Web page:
December 10, 2010
This has not been a particularly good week for free expression.
First, China has forbidden any representative to receive the Nobel Peace Prize on behalf of pro-democracy activist Liu Xiaobo. Of course, Liu himself cannot travel to Oslo because he is in prison for the crime of circulating a petition. The petition called for the Chinese government to recognize certain fundamental freedoms, such as free speech and freedom of assembly.
China has tried to justify its reaction by cynically accusing the Nobel committee of bias against China. The government has asserted that the award was an effort by the West to embarrass and humiliate China. This transparently nationalist spin on the award is obviously designed to appeal to the home audience—to foster an “us versus them” attitude. It’s a tactic often used by dictatorships, in part because it has proven reasonably effective.
But, in a notable combination of falsehoods and farce, China went beyond the expected denunciation of the Nobel award and decided to support the creation of a rival award— the Confucius Peace Prize. The Confucius Peace Prize (CPP) is designed to give “a Chinese perspective on peace.” Indeed.
Interestingly, the recipient of the first CPP, a Taiwanese politician, failed to attend the ceremony and collect his dubious award. Perhaps next year, the government should bestow the CPP on some stooge they can count on to show up—maybe the judge who sentenced Liu to 11 years in prison.
Given China’s status as a world power, its continuing embrace of authoritarianism is especially disturbing. It is not the only regime in the world that denies basic freedoms, but it is the most powerful one to do so. Its apparent ability to violate human rights routinely without any significant repercussions must surely encourage lesser tyrannies.
Although there is no comparing the human rights situation in China with that in any Western democracy, we do have our flaws as well. In particular, speech about religion continues to be a source of controversy, and social, if not legal, pressure is often brought to bear on those whose expression is deemed insufficiently respectful of religious sensibilities.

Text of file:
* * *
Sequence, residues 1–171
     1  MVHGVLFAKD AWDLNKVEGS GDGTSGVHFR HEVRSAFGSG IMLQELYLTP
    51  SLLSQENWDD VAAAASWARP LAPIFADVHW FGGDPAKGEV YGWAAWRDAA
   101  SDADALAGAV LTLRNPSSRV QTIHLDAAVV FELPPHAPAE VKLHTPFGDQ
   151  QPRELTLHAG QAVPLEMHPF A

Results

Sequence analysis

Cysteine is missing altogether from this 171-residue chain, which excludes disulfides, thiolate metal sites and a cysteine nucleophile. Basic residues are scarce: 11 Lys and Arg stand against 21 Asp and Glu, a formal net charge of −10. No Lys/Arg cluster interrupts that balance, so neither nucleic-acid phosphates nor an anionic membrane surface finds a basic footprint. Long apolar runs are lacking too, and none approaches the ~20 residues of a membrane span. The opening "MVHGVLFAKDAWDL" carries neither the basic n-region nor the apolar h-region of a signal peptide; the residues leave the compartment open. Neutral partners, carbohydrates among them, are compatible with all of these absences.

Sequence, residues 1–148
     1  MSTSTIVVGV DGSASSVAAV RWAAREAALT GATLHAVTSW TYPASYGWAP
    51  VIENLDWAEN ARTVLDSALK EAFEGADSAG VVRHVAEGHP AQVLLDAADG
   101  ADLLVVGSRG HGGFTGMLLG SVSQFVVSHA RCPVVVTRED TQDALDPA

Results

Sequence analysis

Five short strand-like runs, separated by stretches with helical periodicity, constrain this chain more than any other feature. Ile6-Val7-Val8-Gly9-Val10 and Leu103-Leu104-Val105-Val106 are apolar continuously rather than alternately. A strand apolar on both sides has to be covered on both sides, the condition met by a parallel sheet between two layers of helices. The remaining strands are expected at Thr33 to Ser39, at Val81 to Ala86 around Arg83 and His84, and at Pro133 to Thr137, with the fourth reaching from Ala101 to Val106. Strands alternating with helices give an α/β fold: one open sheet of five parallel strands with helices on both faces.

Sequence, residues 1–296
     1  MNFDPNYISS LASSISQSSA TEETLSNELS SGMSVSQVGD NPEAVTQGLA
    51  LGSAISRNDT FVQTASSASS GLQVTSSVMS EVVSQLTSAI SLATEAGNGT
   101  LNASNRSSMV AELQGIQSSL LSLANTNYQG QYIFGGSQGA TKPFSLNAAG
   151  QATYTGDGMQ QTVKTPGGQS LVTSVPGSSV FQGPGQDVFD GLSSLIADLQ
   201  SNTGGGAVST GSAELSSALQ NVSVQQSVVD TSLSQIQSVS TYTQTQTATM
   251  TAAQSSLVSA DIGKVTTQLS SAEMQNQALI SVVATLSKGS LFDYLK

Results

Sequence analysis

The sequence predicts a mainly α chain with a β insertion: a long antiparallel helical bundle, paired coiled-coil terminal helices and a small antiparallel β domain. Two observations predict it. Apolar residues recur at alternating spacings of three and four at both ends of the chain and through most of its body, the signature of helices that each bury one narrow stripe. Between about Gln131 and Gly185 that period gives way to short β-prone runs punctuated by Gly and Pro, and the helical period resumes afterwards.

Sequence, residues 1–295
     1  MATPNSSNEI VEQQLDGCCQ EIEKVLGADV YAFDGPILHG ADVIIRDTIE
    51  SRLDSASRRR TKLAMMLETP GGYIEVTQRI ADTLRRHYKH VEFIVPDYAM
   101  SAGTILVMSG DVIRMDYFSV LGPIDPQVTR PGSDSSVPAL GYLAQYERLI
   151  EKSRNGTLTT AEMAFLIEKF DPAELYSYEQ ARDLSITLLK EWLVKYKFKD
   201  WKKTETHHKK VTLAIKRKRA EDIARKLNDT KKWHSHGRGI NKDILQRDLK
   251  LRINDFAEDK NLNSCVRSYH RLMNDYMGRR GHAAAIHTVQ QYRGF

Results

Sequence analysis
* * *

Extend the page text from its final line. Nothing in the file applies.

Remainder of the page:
As many of you may be aware, the National Portrait Gallery, part of the Smithsonian Institution, removed from an exhibit a video by deceased artist David Wojnarowicz that contained a brief (11-second) scene of ants crawling on a crucifix. The Catholic League and various members of Congress had vigorously objected to the video, resorting to the currently fashionable justification of censors: the video constituted “hate speech.”
Exactly why the clip was “hate speech” was never adequately explained. Sure, the ants on the crucifix suggested suffering and helplessness (the artist was dying of AIDS at the time he created the video), but for that matter so does much “accepted” religious art. The crucifix itself is a display of a suffering and helpless individual. Arguably, a pagan could hardly think of a better way to mock Christianity than by showing its god naked and nailed powerless to a piece of wood.
The accusation of hate speech, of course, is just a way to mask the fact that some believers don’t want their claims criticized in any way, directly or indirectly—just like the Chinese government’s claim of a plot to humiliate China is an attempt to obscure their refusal to tolerate free speech. The effort by the Catholic League and various politicians to impose their standards of decency on the rest of us is as farcical as — well, as the Chinese government’s creation of a Confucius Peace Prize.
Perhaps an artist can foster collaboration between the Chinese government and the Catholic League by creating a video showing Liu Xiaobo on a cross.
#1 Ian (Guest) on Monday December 13, 2010 at 3:12pm
You missed the continued assault on WikiLeaks which represents another assault on the free press.